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This article starts by discussing the fact that David Ricardo’s theory of comparative advantage is no longer as applicable in today’s society. Such problems and more were raised in the recent Nobel economic conference in Lindau.
Professor Eric Maskin, who won the Nobel Prize in 2007, suggests an alternate version of Ricardo’s model. He states that man of the assumptions made in the old model are no longer justified. Such assumptions include labour mobility.
The article then discusses the nature of globalisation today and analyses how it can be improved. The problem with globalisation today is that it increases income inequality in a country (although the Gini coefficient between the countries themselves has been falling). One solution would be to subsidise education and healthcare, a model that Brazil has used successfully to decrease income inequality in its own economy. Professor James Mirlees, another Nobel Laureate quoted in this article, proposes a similar solution of subsidies in the UK to aid the poorer workers.
In response to criticism that such measures (subsidies) will destroy higher growth (the equity vs equality argument), Professor Joseph Stiglitz says that evidence contradicts this claim: it is with higher equality that growth thrives.
He also warns against a plutocracy, which is an inevitable consequence of income inequality.
To understand the article and the points made in the Lindau conference better, we must study a few things in more detail.
1) Why is the theory of comparative advantage becoming outdated? What assumptions no longer hold true? This very short press release by the Lindau Nobel Laureate Meetings itself should clear things up. The main reason why the theory of comparative advantage is coming under attack is because this theory, according to the press release, predicts that the income inequality between countries should decrease, when the exact opposite is happening.
Professor Maskin’s alternative model suggests that the reason why inequality is increasing is because the more skilled workers can now migrate to more economically advanced countries, where standard of living for themselves increase. Hence, inequality still persists.
2) What is the equity vs equality argument? The argument is that these two things cannot coexist: a country must lean towards one or the other. Equity is where people keep what they earn. Hence, those earning more keep more, and those earning less keep less. Resultantly, income inequality is persistent. Conversely, equality is where there are social safety nets created from the income of the rich (i.e. a progressive taxation structure) to provide a minimum standard of living for the poorer and/or unemployed. The reason why some people favour equity is because it is speculated that equality hinders growth: higher taxes on the rich and general government interference do not allow growth to blossom. In this Lindau conference, Professor Joseph Stiglitz dismisses this claim, citing statistics showing that the two work well hand in hand.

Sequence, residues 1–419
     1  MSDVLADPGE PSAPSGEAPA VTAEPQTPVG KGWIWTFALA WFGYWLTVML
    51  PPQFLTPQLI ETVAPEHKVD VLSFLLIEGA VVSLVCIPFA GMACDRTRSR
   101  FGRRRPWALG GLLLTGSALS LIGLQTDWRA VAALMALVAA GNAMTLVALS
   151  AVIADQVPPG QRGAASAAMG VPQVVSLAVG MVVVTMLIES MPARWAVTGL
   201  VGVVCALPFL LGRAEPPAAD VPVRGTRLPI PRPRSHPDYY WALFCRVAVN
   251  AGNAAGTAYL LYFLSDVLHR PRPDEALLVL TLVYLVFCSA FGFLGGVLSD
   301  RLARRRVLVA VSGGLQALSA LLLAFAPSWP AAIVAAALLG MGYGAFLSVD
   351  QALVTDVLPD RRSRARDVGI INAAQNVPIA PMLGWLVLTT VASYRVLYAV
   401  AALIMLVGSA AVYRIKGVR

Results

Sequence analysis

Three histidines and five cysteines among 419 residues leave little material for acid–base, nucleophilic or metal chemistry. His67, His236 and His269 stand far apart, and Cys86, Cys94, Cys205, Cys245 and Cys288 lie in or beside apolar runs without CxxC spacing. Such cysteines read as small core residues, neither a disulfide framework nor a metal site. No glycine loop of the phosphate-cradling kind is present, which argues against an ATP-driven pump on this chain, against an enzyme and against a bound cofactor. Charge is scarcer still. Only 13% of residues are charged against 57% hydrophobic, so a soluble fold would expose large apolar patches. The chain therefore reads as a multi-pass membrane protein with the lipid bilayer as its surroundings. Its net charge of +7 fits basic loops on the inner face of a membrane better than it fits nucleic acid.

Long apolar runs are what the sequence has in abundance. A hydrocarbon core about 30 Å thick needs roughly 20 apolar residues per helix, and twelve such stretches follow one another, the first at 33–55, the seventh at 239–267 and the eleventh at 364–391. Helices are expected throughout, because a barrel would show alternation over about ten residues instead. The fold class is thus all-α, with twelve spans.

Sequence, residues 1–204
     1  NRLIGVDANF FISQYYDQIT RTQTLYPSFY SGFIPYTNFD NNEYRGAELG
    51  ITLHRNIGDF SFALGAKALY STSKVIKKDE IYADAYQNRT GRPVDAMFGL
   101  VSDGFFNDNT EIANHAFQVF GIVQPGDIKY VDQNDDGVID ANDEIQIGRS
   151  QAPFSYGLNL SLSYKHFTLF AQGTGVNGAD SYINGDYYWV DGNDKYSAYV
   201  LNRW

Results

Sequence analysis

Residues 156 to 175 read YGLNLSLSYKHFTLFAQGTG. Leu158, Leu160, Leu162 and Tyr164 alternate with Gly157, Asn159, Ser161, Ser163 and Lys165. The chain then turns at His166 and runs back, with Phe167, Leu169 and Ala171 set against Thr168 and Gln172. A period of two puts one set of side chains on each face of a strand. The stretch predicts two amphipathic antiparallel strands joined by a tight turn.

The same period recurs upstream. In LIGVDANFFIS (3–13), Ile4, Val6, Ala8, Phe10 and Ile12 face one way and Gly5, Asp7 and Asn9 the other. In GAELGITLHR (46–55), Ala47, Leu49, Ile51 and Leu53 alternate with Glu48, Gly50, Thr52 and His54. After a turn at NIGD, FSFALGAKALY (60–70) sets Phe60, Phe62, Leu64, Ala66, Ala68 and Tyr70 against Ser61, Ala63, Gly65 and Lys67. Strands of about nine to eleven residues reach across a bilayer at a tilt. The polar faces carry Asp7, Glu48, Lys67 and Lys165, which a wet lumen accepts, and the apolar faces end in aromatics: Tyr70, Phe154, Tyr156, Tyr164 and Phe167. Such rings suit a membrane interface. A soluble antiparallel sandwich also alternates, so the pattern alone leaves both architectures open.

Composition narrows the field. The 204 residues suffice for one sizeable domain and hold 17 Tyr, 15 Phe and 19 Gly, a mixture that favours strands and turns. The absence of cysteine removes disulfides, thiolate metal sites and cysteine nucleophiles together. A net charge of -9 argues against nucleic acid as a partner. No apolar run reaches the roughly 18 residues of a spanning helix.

3) It is also important to know the different ways to subsidise. In the article, Pritchard discusses one of the three main ways, a tactic that Brazil used.
a. The first type of subsidy is a price subsidy on goods and services. This is the subsidy that most people think of. Examples of countries that use this are India, Indonesia and the U.S. with medicare. Generally, the problem with this type of subsidisation is that the money, in lower income countries, gets stolen along the way.
b. Direct cash transfers (handing people money directly). I do not know examples of countries that use this.
c. Conditional cash transfers, which is what Brazil used. As explained by the article, this is a cash transfer to people’s bank accounts, given that they send their children to school and invest in general healthcare for their children. In Brazil, this tactic was widely successful in increasing education levels and decreasing health problems, which, in turn, helped productivity.